April has brought more than showers and sunshine to Harvard; it has brought Africa.
The second-largest continent is the subject this month of Harvard Africa Focus, a series of lectures, panels, and performances formerly called “Africa Week.”
This year, official events stretch for 13 days, through April 18. Add in related events on African languages and on hip-hop, and Harvard’s celebration of 53 countries and 1 billion people goes all the way to May 1.
No matter what the event, hope and optimism are the underlying themes. Africa Focus comes with a subtitle: “Reimagine, Redefine, Reinvent: A New Paradigm for Africa’s Leaders.”
Leadership was a leitmotif from the start during Africa Focus. The keynote address, on April 5, was by Ambassador Johnnie Carson, a 37-year U.S. diplomat and former Peace Corps volunteer in Tanzania. After service in Kenya, Zimbabwe, Uganda, Botswana, Nigeria, and elsewhere, he is now assistant secretary of state for the Bureau of African Affairs.
Carson spoke about “U.S.-Africa Relations in the Age of Obama.” His take? The new administration sees Africa as a strategic partner.
“It was a lot of positive messaging about America’s respect for Africa,” said Ghana native Cheryl Klufio of the keynote. She is a communications officer at the Radcliffe Institute for Advanced Study.
Other speakers have included Gen. William E. “Kip” Ward, the first head of the U.S. Africa Command, on an April 7 panel on diplomacy, development, and defense. An April 10 panel on leadership and governance in Africa featured former ministers from Mali, Ghana, and Nigeria.
In events to come, there will be other African leaders, along with scholars, jurists, and performers.
Friday through Sunday (April 16-18), speakers and panelists at Harvard Law School’s 2010 Harvard African Law and Development Conference include a supreme court justice from Ghana, a vice president for World Bank Africa Region, and high-level jurists from Sierra Leone and Uganda.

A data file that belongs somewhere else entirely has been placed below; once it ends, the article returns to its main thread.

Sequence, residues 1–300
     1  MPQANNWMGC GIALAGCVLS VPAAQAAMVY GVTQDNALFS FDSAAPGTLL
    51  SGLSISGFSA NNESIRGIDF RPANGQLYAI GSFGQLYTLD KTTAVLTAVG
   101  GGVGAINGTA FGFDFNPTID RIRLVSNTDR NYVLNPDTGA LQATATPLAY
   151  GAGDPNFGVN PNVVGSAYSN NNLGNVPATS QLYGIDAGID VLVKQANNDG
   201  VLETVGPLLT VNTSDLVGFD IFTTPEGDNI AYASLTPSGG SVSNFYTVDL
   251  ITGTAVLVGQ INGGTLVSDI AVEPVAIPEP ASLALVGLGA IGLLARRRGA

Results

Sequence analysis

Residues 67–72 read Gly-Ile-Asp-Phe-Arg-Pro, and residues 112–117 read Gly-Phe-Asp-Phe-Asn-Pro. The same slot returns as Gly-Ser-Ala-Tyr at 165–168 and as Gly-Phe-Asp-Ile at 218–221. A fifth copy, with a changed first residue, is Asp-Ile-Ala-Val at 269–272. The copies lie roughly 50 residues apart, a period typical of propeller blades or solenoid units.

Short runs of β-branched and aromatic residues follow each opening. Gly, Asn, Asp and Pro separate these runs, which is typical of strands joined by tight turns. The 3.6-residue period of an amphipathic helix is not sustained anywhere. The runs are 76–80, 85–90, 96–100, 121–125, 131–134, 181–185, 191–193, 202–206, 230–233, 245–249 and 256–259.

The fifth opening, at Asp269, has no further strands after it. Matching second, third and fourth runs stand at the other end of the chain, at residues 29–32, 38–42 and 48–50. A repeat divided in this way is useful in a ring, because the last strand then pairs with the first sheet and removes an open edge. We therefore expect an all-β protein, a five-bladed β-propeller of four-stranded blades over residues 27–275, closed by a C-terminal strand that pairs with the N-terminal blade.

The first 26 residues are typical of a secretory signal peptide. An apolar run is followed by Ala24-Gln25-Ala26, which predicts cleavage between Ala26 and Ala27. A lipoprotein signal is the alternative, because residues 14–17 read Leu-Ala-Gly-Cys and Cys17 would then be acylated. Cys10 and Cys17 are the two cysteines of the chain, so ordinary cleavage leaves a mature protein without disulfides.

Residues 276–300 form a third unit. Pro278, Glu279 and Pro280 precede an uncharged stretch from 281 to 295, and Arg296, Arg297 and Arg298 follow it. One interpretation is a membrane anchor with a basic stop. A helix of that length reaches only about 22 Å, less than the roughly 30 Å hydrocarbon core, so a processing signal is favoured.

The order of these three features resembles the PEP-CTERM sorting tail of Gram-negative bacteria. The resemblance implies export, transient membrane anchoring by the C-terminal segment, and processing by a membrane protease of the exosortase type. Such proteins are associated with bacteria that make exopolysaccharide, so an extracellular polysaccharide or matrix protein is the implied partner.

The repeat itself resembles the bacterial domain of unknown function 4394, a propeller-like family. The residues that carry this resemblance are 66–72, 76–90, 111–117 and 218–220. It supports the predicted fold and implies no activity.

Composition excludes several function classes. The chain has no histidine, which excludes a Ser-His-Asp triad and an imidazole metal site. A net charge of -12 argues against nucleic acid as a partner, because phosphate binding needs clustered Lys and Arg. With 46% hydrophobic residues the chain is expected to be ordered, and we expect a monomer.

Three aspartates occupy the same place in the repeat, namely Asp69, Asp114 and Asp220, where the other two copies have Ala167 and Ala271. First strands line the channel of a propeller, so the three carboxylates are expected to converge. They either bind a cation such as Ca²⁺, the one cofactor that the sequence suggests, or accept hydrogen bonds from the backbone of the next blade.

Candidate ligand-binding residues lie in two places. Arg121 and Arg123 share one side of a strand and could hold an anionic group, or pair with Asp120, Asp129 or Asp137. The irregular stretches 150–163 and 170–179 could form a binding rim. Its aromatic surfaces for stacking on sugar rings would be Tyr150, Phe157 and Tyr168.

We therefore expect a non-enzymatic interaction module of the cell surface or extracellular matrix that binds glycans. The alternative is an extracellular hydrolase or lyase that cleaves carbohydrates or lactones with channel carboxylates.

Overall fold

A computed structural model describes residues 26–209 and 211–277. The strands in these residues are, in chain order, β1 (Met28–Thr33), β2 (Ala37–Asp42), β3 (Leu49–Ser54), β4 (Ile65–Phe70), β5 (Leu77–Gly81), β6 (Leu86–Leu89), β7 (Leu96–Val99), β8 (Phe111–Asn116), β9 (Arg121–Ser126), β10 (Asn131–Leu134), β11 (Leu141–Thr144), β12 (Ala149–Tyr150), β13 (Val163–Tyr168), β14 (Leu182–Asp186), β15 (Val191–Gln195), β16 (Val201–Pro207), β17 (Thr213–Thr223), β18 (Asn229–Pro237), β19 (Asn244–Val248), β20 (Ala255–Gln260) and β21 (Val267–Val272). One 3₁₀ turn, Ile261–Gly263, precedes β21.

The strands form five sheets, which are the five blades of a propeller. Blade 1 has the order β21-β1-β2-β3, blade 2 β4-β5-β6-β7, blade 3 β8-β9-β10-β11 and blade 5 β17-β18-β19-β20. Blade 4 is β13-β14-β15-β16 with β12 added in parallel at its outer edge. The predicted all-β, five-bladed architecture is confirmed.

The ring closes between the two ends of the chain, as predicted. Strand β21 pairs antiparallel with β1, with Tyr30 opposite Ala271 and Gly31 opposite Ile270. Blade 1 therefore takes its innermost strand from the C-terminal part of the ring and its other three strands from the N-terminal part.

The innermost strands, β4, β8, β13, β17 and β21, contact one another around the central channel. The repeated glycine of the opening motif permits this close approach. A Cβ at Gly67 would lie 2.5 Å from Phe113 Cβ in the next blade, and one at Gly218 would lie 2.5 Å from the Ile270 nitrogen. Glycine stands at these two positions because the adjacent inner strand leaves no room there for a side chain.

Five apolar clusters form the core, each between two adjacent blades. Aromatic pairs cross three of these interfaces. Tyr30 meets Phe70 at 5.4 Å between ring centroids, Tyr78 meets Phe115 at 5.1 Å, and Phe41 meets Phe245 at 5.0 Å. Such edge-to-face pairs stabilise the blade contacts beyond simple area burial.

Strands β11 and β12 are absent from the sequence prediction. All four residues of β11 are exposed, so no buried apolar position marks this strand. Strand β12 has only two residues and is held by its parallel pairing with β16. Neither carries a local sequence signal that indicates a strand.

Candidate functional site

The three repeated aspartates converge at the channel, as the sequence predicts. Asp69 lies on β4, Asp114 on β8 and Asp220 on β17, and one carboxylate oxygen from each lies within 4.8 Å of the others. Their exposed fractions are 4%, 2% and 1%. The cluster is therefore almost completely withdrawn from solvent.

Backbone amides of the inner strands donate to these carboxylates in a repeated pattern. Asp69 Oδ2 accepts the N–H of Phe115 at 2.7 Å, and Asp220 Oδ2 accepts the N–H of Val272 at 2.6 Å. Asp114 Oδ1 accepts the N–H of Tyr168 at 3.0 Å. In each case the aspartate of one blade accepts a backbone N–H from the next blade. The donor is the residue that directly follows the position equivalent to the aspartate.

Panels will look at a wide range of issues, including development, natural resources, conflict, technology, business, harmonized legal systems, and national health insurance (co-sponsored by African Students at Harvard Medical School and the Africa Health Forum at the Harvard School of Public Health).
The April 16-18 conference is sponsored by the Harvard African Law Association, one of a long list of Africa Focus sponsors in the fields of law, medicine, and government. Principal underwriters are the Carr Center for Human Rights Policy, the Ash Center for Democratic Governance and Innovation, the Institute of Politics, the Kennedy School Student Government, and the Committee on African Studies (CAS).
CAS coordinates Africa research and teaching at Harvard, where 300 Africa-related courses are taught in public health, history, politics, literature, and other disciplines.
CAS is also expanding the reach of Africa events at Harvard this month. On Thursday (April 15) is the final iteration of Africa Language Theater Night at Harvard, featuring word play in 18 languages, including Amharic, Dinka, Hausa, Igbo, Swahili, Twi, Wolof, and others. (Co-sponsor is the Harvard University African Languages Program.)
On April 30 and May 1, CAS will pair with Harvard’s Center for Middle Eastern Studies to present “The Language of Global Hip Hop Culture,” a conference and teacher-education event on using hip-hop as a window onto art, culture, and social norms in Africa and the Middle East. Case studies will include hip-hop writing and performances in Arabic, Swahili, Persian, Wolof, and Hebrew.
Africa Focus still has a lot of punch left this month. But the past was not bad either.
Klufio went to other Africa Focus events, including one on the media and social change on the continent (April 6) and another on rebranding Africa through youth (April 8). And on April 10 she went to “Africa Night 2010: An African Odyssey,” two hours of dancing, music, and fashion shows at the New College Theatre.
There was joy and drumming and dance and fashion, fly and fresh. But the frame of the odyssey was two old men in traditional garb who set out with their walking sticks — humorously clueless — to find Europe. “There is always bad news,” one says in the beginning. “That’s why I want to leave this land.”
In the end, the old men decide not to go, but not before they have arrived, naïve and droll, in Mali, Nigeria, and other places where a modern Africa peeks out. “Is this Europe?” one old man asks early on. “No,” a pretty girl replies. “You are in South Africa.”
Soon after, one old man asks the same question so many Africans are asking themselves today. “Why are we going to Europe?” he says. “It is so beautiful here.”